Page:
By Rev. S.J. Emmanuel –
What are we celebrating on the 4th Feb – Independence, Inter-dependence or Freedom?
Recently when I made an Independence Day appeal to all the religious leaders of the country to come to the fore and help the present Government to achieve peace and reconciliation on the basis of truth, justice accountability, a good friend of mine alerted me to the absence of the theme freedom in my appeal. In the context of our Independence Day Celebrations today and of the way in which we celebrate, there are many questions overlooked largely by our population and our leaders.
From Colonialism to Independence
On the afternoon of the 4th of Feb. 1948 I stood as a 14years old student of St.Patrick’s College, Jaffna, on the Jaffna Esplanade (presently Durayappah’s Stadium) celebrating the Independence of Ceylon from the British colonial master. Mr. Hudson the then Government Agent in Jaffna, representing the British Government lowered the British union Jack. We all were told that we have become independent from foreigners’ rule. Though we didn’t understand the meaning of it, we enjoyed the little packet of Vadai and Pattis each one of us received and the music and dance on the platform. At college of course we had great European oblate missionaries like Frs. Charles Mathews, Timothy Long, Chovan and my classmates included some Sinhalese too from the deep south. On the pillars of the college were written words “Speak English Only” and when we were caught speaking in Tamil, a fine of 5 0r 10 cents was imposed! We grew up studying all subjects in English, with only one hour of Tamil.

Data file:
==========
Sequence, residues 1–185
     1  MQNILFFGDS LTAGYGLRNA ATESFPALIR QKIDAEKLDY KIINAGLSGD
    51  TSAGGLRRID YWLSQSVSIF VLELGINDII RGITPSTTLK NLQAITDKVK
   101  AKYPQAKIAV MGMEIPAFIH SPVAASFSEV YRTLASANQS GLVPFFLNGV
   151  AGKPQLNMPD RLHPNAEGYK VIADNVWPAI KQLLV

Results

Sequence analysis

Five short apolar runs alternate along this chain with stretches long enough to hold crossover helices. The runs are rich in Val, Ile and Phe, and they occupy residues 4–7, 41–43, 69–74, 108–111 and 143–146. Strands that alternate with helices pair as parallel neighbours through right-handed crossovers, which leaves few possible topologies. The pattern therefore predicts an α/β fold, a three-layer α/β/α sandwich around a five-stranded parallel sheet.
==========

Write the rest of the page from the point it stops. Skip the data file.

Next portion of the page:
The British colonials not only built good roads and railways but also left us a good system of education. We are today fortunate that that the then colonial language English has become the world language today. Never did we dream that the British blunder of handing over all the power into the hands of a majoritarian democracy will lead to many decades of conflict and war on this island.
Celebration of the new Powers that be
True we became independent of a colonial rule from the Portuguese, Dutch and the British that lasted nearly 500 years. And the way we commemorate it by an exhibition of the ruling authorities, who are sons and daughters of our own soil, as well as our air, land and sea forces displaying their capabilities, show that we rule ourselves with our own powers and not by foreigners or their forces. We also proudly sing our national anthem and raise our national flag. We have done this so long, almost for 69 years and I still ask the question – to what extent are we an independent people or a nation?
Independence does not pre-empt Inter-dependence
In so far we are all humans on this earth or on this island; we can be truly independent, even as individuals, only to a certain extent, whereby “your independence ends where my nose begins”. No man is an island is a popular saying. Both as individuals and as communities, a country or as a people, we are all inter-dependent. Denying our interdependence on one another is suicidal.